Wednesday, December 3, 2008

Tumorigenic cells not rare in human melanoma

Efficient tumour formation by single human melanoma cells by Elsa Quintana and 5 co-authors, including Sean J Morrison, Nature 2008(Dec 4); 456(7222): 593-8. Abstract:
A fundamental question in cancer biology is whether cells with tumorigenic potential are common or rare within human cancers. Studies on diverse cancers, including melanoma, have indicated that only rare human cancer cells (0.1–0.0001%) form tumours when transplanted into non-obese diabetic/severe combined immunodeficiency (NOD/SCID) mice. However, the extent to which NOD/SCID mice underestimate the frequency of tumorigenic human cancer cells has been uncertain. Here we show that modified xenotransplantation assay conditions, including the use of more highly immunocompromised NOD/SCID interleukin-2 receptor gamma chain null (Il2rg -/-) mice, can increase the detection of tumorigenic melanoma cells by several orders of magnitude. In limiting dilution assays, approximately 25% of unselected melanoma cells from 12 different patients, including cells from primary and metastatic melanomas obtained directly from patients, formed tumours under these more permissive conditions. In single-cell transplants, an average of 27% of unselected melanoma cells from four different patients formed tumours. Modifications to xenotransplantation assays can therefore dramatically increase the detectable frequency of tumorigenic cells, demonstrating that they are common in some human cancers.
See also: U-M scientists probe limits of 'cancer stem-cell model'; Melanoma, the deadliest skin cancer, does not fit the model, News Release, University of Michigan, December 3, 2008.


  1. See also: Cancer stem cells: Here, there, everywhere? by Connie J Eaves, Nature 2008(Dec 4); 456(7222), 581-2 [PubMed Citation]. Excerpt:

    Can every tumour cell propagate human cancers or is this property exclusive to an elite subset? Findings are divided. The latest set shows that — depending on circumstances — both perspectives can be correct.

  2. A publicly-accessible News Feature: Cancer stem cells, becoming common, Monya Baker, Nature Reports Stem Cells, December 3, 2008. Excerpt:

    [William] Matsui found that patients with tumours whose invasive margin contained this marker [ALDH, an enzyme highly expressed in blood-forming and neural stem cells] survived, on average, four months less than those whose tumours did not. Other groups have also reported a correlation with stem cell markers or gene expression and shorter life expectancy.[9, 10, 11].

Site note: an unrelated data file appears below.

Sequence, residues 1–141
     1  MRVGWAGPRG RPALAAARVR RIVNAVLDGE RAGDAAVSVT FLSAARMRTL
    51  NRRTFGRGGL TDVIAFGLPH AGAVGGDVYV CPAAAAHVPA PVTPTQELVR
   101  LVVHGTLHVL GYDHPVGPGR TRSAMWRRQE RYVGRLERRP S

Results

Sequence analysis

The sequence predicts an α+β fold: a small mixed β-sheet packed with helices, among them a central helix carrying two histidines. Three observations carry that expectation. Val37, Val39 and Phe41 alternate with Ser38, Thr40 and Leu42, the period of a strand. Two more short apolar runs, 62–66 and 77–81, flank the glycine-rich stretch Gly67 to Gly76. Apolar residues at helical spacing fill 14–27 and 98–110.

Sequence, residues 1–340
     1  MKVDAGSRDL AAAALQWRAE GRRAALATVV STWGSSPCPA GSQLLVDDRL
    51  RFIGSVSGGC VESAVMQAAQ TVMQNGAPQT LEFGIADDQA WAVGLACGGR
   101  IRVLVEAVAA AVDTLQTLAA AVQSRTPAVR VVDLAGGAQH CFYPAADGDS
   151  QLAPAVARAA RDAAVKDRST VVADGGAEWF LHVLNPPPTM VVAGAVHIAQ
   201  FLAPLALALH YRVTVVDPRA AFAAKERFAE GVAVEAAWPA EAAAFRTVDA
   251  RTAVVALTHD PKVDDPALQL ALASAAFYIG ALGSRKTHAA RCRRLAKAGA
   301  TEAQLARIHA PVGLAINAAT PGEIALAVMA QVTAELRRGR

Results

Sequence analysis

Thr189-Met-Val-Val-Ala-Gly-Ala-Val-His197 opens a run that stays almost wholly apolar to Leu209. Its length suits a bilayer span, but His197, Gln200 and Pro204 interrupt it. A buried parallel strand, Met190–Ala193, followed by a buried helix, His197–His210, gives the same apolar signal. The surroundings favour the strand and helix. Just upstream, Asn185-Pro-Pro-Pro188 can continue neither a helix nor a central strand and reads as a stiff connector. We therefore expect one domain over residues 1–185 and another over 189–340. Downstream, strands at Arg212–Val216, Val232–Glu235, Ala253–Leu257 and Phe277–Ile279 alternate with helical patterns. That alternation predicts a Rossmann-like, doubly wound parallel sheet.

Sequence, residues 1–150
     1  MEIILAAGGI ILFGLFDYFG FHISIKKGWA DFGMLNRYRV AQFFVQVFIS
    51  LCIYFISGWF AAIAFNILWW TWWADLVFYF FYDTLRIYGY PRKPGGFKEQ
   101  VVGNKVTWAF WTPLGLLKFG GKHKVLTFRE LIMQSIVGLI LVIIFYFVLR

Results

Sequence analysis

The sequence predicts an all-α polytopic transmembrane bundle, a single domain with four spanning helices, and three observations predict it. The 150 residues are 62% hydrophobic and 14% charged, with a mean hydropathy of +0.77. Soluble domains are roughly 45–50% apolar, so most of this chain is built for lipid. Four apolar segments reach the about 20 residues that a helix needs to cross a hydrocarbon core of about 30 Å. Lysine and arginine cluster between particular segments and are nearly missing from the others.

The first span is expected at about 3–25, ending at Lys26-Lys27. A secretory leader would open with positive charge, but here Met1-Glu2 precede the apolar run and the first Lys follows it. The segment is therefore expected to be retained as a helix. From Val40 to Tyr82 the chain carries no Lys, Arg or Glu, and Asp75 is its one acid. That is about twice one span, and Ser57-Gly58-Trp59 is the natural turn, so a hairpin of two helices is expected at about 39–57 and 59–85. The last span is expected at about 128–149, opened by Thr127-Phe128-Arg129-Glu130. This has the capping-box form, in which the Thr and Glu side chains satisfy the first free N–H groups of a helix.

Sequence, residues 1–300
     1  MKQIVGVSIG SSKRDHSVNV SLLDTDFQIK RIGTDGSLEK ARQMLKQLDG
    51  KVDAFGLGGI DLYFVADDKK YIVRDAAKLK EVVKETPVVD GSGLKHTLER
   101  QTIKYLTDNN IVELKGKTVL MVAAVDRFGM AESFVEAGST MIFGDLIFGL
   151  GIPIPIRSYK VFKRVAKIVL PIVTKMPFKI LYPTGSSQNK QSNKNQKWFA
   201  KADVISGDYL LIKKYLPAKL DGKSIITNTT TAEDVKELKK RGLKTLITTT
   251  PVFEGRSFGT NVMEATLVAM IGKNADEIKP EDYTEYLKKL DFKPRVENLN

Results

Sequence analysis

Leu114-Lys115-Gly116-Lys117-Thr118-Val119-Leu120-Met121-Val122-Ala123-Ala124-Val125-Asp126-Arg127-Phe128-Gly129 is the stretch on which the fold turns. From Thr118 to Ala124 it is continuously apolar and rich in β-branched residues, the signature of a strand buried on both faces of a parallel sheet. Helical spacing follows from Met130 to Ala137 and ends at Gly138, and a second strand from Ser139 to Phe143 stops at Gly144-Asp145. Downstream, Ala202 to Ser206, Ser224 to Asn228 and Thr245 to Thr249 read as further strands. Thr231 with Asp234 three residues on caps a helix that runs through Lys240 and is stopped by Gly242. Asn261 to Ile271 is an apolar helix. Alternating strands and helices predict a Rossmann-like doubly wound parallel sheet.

One could argue that, from a translational-research perspective, associations with clinical outcome are the most meaningful assessments that should be made.

  3. Another relevant post: Cancer stem cells: controversies and misconceptions, Monya Baker, The Niche: the stem cell blog, December 18, 2008. Excerpts:

    Nature recently published a paper by Sean Morrison and others finding that melanoma stem cells are not rare and that standard assays to identify tumorigenic cells fail to detect a large portion of them. This prompted [some correspondence].....

    Here, we publish that correspondence along with replies from David Taussig, which describes evidence for that cancer stem cell hypothesis, including his own evidence that leukemia-initiating cells are less than 1 in 100 cells. Finally, a reply by John Dick and colleagues says that the effects described by Taussig do not apply to a key leukemogenic cell marker and goes on to describe misconceptions about the cancer stem cell model.

  4. See also: Tweaking and Testing Cancer Stem Cell Models, Spotlight section, NCI Cancer Bulletin 2008(Dec 16); 5(25). Excerpt:

    Tumors do not grow in a vacuum, she [Dr. Connie Eaves] continued, and few grow in the complete absence of host immune components. "So it is not yet clear that going to extraordinary lengths to promote human tumor growth in a mouse will ultimately be the best test of what propagates a tumor in a person," she said.

  5. For two recent publicly accessible reviews about CSC and melanoma [written prior to the publication of Efficient tumour formation by single human melanoma cells in Nature 2008(Dec 4); 456(7222): 593-8], see: OA reviews about cancer stem cells and melanoma, Be openly accessible or be obscure, December 28, 2008.

  6. Another commentary: Cancer stem cells: Common as muck by Safia Ali Danovi, Nature Reviews Cancer 2009(Jan); 9(1), 6-7. Excerpt: Recent data from Sean Morrison and colleagues provide ammunition for the naysayers. [There's toll-free access to the full text (free registration is required)].

  7. See also this post: The CSC hypothesis: recalling some history, Cancer Stem Cell News, December 30, 2008.